“I’d love to try yoga, but I’m just not flexible enough...”
If you ever found yourself uttering the words above, then I suggest you consider starting your yoga journey with Iyengar Yoga. This practice focuses on a correct alignment and to enable the students to find comfort in each pose, a variety of props is encouraged including straps, blocks, bolsters and even chairs. Each pose is typically held for around a minute, allowing for greater relaxation. B.K.S. Iyengar founded this style of yoga with the idea that the poses should be accessible to any practitioner from beginner to advanced without causing discomfort or injury. You can benefit from this gentle and slow paced practice in many ways.
Yoga and increased flexibility and balance
You don’t need to be able to touch your toes to do Iyengar, but if you stick to it that may be one side effect you notice. Practicing just 15–30 minutes of yoga each day could make a big difference for those looking to enhance performance by increasing flexibility and balance.
Yoga and toned body and increased strength
In addition to stretching your muscles, the physical demand of holding each pose will help you build strength and tone your body. As Iyengar engages the whole body, the attention goes not just to the main muscle, but instructs the practitioner to think about where the muscles are connected to other body parts and engage them as well. In one study, 79 adults performed 24 cycles of sun salutations -a series of foundational poses often used as a warm-up -six days a week for 24 weeks. They experienced a significant increase in upper body strength, endurance and weight loss.
Yoga and calmer thoughts
Once you enter an asana, you are encouraged to focus on the alignment, disengage from other thoughts in your mind and be in the moment. You can think of it as a type of meditation, which, the more you practice it, the calmer your mind becomes — during and outside the session. In addition to improving your mental health, some studies suggest that practicing yoga may reduce inflammation as well.
Yoga and pain relief
Studies have supported the practice of Iyengar relieves back and neck pain. When focusing on alignment, you start to notice the bad everyday postures such as slouching and hunching and with time you find correcting them comes easily and naturally. There is a growing body of research demonstrating that practicing yoga could help reduce many types of chronic pain. In one study, 42 individuals with carpal tunnel syndrome either received a wrist splint or did yoga for eight weeks. At the end of the study, yoga was found to be more effective in reducing pain and improving grip strength than wrist splinting.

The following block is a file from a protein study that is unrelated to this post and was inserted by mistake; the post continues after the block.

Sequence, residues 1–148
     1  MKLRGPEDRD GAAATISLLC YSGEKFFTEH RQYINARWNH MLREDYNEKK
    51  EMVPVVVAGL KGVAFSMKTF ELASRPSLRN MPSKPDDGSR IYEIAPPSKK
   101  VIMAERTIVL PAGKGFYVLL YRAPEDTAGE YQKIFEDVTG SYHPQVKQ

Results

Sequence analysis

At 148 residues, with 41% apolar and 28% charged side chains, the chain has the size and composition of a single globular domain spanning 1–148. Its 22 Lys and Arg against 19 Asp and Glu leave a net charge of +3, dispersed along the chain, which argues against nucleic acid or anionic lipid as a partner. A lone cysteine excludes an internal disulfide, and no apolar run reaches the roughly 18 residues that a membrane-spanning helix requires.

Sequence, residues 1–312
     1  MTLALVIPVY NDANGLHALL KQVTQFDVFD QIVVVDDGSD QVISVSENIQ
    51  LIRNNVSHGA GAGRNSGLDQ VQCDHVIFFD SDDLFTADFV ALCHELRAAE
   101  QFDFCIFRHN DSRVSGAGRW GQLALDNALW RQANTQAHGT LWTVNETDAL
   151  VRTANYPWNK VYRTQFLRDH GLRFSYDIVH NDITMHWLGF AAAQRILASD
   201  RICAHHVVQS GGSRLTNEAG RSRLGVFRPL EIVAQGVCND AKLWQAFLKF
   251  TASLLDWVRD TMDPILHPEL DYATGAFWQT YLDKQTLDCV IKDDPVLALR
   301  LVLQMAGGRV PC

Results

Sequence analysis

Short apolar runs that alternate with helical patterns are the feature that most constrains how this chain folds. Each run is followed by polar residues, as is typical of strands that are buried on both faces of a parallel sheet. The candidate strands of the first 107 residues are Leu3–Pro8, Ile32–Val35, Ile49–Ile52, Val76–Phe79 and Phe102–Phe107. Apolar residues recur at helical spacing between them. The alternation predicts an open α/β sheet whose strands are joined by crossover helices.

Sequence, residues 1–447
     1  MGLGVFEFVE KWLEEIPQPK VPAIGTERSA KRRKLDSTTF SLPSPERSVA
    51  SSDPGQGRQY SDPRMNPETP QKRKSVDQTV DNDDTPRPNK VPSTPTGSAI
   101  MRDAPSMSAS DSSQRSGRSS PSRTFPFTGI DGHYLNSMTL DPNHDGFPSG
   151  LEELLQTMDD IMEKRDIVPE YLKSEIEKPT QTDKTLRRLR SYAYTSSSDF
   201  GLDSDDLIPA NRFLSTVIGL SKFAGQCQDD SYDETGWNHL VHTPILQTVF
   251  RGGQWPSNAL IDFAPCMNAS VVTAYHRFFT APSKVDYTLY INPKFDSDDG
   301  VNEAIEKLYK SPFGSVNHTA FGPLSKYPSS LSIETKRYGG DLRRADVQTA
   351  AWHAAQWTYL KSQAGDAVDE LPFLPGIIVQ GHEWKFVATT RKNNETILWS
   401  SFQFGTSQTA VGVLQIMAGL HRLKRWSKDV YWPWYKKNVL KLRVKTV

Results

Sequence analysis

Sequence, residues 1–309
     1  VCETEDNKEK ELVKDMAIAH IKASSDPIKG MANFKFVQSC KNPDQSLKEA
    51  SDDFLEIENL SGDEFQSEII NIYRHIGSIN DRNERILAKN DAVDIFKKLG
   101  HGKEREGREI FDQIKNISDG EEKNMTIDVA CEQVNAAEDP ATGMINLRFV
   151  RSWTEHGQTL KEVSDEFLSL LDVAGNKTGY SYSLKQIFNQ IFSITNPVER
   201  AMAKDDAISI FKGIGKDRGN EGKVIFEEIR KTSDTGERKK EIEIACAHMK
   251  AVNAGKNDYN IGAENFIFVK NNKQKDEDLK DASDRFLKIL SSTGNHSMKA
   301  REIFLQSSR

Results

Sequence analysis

Yoga and better posture
Iyengar yoga helps you strengthen the muscles of the body responsible for posture, like the legs, back and core. With minor adjustments to improve alignment, the small muscles that are often ignored become stronger. The result is that you’ll find yourself sitting and standing straighter, which will give you more energy, less pain, and increased confidence.
Yoga and help in protection from disease
Disease often occurs when the normal processes of the body don’t happen the way they should. Iyengar yoga helps improve the overall functioning of the body—from the circulatory and lymphatic systems, to the nervous and digestive ones. When the body’s systems are doing their jobs, organs are working more efficiently and the risk of some diseases lowers.
Yoga and quality of breathing
While you hold your asana and consider your alignment, Iyengar also instructs you to focus on the breath. Many of us hold our breath during times of stress, often without realisation. The more you practice breathing, the less you’ll end up holding your breath unconsciously – the more oxygen gets to your brain, the better.